Celebrity in­te­rior de­signer comes home from LA

SA man who has worked on homes of Jane Sey­mour and Ozzy Os­bourne is back. By ZARA NI­CHOL­SON

Weekend Argus (Saturday Edition) - - LIFE -

LIFE in South Africa un­der apartheid forced many peo­ple to leave the coun­try and seek their for­tunes else­where. For some peo­ple life be­came a fur­ther strug­gle, but for oth­ers it was a chance to reach great heights. One such per­son is Jonathan Bar­nett, who left 33 years ago and went on to de­sign the in­te­ri­ors of homes for movie stars and top mu­si­cians in Los An­ge­les.

Bar­nett, now in his early fifties, grew up in Jo­han­nes­burg, then spent a year in Lon­don, a year in New York and 31 years in Los An­ge­les, be­fore re­turn­ing to South Africa to set up shop in Cape Town

He stud­ied drama in Lon­don and helped out at a small in­te­rior de­sign store, moved to New York and then to Los An­ge­les where he was soon con­tacted by top names to de­sign the in­side of their homes.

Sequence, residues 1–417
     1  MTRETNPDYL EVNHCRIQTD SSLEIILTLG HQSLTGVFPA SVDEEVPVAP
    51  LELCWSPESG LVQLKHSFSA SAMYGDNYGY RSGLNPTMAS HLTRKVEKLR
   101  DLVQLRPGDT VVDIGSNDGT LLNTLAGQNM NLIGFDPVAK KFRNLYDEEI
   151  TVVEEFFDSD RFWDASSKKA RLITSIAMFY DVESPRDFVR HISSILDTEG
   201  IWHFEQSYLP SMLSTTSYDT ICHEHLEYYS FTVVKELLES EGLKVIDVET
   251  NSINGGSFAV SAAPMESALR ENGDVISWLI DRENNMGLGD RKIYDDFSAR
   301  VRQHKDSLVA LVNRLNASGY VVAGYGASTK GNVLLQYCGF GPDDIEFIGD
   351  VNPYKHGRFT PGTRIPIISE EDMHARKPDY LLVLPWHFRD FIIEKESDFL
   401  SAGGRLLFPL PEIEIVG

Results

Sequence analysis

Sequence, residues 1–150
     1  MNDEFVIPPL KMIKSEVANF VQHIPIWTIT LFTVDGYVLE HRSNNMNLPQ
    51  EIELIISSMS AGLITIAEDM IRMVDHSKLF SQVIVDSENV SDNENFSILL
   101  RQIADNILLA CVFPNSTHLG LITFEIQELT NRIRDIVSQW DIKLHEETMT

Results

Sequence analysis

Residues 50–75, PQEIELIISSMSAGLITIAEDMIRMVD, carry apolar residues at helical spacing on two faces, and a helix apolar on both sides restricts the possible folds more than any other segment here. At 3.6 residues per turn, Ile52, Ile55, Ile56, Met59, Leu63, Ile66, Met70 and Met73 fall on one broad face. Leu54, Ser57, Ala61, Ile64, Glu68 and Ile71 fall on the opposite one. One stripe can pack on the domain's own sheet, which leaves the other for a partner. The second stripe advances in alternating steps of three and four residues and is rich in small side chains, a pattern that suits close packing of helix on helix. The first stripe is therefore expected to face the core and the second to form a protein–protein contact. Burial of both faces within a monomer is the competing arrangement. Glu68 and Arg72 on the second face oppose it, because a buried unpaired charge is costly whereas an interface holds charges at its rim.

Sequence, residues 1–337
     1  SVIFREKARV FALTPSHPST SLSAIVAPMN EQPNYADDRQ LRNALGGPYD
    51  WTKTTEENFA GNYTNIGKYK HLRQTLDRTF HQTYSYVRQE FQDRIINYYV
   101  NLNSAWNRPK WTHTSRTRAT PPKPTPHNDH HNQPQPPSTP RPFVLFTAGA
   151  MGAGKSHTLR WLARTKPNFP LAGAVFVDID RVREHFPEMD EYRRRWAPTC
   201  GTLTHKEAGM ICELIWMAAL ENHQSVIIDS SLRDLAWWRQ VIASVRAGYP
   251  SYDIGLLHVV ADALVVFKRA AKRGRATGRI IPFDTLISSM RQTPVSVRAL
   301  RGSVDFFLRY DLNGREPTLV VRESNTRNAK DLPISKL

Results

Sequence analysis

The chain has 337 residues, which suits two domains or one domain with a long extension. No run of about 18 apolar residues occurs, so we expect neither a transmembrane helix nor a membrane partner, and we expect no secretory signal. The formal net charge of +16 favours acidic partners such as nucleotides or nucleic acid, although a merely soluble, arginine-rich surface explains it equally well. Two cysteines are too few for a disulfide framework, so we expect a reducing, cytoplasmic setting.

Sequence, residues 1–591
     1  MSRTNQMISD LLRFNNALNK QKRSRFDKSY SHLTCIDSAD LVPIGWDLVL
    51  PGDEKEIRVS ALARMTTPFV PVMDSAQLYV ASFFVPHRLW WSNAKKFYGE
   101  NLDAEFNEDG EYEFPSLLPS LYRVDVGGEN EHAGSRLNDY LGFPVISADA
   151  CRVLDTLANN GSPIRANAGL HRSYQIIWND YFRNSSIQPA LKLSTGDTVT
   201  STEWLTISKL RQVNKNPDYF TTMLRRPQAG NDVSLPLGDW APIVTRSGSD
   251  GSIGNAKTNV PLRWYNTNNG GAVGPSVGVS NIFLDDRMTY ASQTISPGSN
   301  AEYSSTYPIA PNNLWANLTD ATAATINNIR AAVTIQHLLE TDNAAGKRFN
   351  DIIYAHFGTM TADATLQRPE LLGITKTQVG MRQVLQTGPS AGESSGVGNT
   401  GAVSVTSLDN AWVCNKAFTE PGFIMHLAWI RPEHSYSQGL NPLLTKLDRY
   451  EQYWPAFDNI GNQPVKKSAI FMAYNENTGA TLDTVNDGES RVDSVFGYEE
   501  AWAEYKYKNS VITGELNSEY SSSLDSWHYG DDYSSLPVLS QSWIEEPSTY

Bar­nett has worked on the homes of among oth­ers, Sally Field, Rob Lowe, Ozzy Os­bourne, Flea from the Red Hot Chili Pep­pers, Jane Sey­mour, Dr Dre and bil­lion­aire real es­tate in­vestor Tom Bar­rack.

At the Pezula in­te­rior de­sign stu­dio in the city cen­tre ear­lier this week, a stylish-looking Bar­nett met the Week­end Ar­gus team.

De­spite spending years over­seas, he still has his South African ac­cent and a cool, laid-back way about him.

Bar­nett did his com­pul­sory stint in the army in Walvis Bay in thenSouth West Africa, when he was just 16. Later in the 1970s, when life in South Africa be­came un­bear­able for the lib­eral artist, he went to live with an aunt in Lon­don.